I had the incredible privilege to work as a Deckhand on board the Logos Hope Ship for two years. One morning, as I was sitting on the bridge of the ship, I saw a container ship manoeuvre past us and sail out of port. In that moment, the whole idea of the board game came into my mind. I really experienced this as God giving me the idea, and ever since, it has been something that I wanted, almost needed, to act upon. It was almost as if God gave me a talent that I had the privilege of developing for his glory and for my enjoyment. So immediately I grabbed some papers and started to draw out the board game. Soon, I realised that this game has potential and I even started playing it against myself in my mind. I then started to make the first prototype of the board game out of wood in the Carpenter?s Workshop onboard the ship. After about 3 months of working at it during my limited spare time, the game was ready, and we gave it a first try. The first playtest was a roaring success? – half the time went into developing and jotting down new rules as we went along, and the other half went into discussions around how the game can be tweaked and improved. This has been the game since ? always space for new ideas and scope for improving the game. After about a year and a half of dreaming about developing it, and after returning from the ship to Cape Town, I started to rework the game into a producible version, or so-called a minimal viable product. I soon realised that there is much more to a board game to what meets the eye. Especially aspects relating to scaling boggled my mind? i.e. if you have 30 pieces of something in a game, no big deal, but when you want to produce 1000 copies of the game, you soon end up with the challenges of producing 30,000 items. Challenges relating to manufacturing time, costs, packaging, handling, storage, and distributing soon broke my brain, and all this while trying to maintain a normal 8-5 job to pay the bills; after the excitement of being, traveling, serving and missioning onboard the ship.?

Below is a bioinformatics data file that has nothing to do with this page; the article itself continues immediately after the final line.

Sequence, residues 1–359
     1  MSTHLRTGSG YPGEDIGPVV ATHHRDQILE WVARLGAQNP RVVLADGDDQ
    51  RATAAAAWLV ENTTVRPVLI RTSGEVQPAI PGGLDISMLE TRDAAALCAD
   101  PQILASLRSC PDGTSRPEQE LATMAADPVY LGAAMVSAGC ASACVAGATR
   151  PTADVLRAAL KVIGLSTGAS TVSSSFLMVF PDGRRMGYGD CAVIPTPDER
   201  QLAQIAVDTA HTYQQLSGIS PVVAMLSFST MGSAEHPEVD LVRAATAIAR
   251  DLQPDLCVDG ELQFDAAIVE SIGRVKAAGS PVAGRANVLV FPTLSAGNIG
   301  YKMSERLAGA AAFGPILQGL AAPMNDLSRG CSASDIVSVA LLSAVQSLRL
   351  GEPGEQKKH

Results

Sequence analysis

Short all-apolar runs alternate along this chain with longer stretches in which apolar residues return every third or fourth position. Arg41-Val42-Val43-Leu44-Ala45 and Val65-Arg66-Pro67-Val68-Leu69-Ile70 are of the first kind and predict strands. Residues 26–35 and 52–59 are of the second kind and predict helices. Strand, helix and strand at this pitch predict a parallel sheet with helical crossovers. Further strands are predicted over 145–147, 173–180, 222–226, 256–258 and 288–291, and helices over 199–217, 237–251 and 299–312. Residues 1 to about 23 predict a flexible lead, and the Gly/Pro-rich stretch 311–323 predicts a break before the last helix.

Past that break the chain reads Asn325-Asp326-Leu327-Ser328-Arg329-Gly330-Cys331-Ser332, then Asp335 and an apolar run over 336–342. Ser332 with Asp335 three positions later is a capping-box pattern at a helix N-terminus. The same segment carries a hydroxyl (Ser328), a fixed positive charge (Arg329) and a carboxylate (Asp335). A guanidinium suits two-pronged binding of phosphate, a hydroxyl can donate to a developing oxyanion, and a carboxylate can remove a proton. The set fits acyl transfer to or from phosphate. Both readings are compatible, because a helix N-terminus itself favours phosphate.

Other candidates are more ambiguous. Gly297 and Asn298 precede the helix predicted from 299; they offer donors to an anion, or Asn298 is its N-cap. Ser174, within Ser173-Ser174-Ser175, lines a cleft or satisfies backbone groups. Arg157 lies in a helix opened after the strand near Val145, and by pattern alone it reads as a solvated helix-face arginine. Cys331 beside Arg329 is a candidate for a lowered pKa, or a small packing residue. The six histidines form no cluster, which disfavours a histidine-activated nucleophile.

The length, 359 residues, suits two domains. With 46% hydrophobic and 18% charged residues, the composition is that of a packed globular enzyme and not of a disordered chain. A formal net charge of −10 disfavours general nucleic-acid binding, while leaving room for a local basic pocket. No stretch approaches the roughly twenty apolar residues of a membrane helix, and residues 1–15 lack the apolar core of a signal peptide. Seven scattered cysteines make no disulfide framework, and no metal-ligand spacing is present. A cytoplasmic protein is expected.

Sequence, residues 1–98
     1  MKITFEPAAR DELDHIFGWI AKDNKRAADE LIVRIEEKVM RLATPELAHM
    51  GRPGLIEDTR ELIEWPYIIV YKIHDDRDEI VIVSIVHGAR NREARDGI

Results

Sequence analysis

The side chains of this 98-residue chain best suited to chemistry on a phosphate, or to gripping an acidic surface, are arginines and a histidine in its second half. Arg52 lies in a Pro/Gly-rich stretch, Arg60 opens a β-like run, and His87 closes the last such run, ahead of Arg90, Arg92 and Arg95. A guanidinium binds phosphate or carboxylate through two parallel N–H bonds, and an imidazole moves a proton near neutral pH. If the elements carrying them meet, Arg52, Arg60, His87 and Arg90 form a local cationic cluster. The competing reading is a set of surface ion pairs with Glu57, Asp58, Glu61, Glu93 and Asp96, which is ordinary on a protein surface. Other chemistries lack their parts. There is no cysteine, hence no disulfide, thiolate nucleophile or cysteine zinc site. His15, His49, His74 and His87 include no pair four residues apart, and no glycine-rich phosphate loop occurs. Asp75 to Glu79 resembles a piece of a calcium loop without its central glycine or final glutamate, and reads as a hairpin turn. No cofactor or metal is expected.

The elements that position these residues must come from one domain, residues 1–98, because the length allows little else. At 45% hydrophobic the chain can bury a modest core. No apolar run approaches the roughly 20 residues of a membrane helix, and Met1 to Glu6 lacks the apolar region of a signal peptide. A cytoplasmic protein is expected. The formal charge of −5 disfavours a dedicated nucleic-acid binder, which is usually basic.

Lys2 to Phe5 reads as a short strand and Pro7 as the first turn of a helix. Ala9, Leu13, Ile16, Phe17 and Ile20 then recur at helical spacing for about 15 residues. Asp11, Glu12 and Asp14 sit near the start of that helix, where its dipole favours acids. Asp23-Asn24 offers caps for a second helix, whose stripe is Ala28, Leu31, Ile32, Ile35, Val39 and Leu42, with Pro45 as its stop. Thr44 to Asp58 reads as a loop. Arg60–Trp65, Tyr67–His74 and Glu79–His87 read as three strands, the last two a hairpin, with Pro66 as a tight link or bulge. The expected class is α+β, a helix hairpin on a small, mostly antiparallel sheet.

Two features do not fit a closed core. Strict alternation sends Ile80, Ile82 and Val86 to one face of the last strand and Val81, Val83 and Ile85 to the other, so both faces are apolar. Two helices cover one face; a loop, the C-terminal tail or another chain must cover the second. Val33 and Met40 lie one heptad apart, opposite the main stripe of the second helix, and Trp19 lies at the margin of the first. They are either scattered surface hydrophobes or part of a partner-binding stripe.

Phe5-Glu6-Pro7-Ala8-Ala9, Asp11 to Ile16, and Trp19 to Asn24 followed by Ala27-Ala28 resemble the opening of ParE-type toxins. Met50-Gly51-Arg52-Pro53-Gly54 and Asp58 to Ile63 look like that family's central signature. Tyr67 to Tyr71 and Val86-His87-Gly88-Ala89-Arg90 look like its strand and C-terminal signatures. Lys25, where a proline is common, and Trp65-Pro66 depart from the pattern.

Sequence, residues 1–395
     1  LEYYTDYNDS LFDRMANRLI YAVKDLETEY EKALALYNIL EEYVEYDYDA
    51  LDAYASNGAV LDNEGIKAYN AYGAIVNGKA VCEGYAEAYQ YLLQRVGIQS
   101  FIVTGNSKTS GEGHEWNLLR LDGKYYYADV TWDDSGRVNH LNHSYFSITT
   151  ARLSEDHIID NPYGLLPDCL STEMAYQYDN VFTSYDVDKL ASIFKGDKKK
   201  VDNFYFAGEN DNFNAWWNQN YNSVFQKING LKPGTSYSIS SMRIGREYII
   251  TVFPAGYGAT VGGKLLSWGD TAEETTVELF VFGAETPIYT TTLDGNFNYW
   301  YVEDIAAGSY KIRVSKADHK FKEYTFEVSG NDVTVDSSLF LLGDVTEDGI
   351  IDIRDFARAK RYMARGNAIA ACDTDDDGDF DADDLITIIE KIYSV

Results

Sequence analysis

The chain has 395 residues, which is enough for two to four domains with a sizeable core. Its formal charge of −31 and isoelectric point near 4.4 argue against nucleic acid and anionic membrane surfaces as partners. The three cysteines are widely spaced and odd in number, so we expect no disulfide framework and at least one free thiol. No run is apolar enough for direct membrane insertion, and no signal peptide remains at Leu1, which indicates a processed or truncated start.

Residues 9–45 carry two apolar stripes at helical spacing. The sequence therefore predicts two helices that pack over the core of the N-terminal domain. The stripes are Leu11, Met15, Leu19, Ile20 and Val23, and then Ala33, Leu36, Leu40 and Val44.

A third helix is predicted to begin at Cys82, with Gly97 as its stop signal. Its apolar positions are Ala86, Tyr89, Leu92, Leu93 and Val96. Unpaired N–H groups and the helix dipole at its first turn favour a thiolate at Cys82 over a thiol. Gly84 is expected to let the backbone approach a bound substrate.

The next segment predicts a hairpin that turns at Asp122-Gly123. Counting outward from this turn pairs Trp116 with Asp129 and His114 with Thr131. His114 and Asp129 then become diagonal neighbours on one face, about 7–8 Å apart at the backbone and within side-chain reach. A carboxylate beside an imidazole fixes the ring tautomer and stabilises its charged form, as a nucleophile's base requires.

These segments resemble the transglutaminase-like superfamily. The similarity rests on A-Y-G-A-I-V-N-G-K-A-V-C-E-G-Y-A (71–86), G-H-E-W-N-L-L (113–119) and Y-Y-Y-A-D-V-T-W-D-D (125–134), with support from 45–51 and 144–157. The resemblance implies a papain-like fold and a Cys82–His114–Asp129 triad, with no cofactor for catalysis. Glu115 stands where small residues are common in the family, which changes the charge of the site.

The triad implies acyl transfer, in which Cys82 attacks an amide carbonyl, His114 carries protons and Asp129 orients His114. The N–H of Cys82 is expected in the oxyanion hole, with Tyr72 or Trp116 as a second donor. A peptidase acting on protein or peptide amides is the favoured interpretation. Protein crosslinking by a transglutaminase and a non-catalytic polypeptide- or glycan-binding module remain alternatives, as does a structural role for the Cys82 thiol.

Looking back now, I am very thankful to see the idea finally coming to fruition. So many things came together (slowly but surely) on this journey to make the idea a reality; from borrowing a 3d-printer from a friend for prototyping at no cost, to so much encouragement I received from loving friends and family (especially my always-willing-to-serve parents), supporting me through-out this time.
Ultimately, I thank God for this opportunity, responsibility and the privilege He entrusted me with.?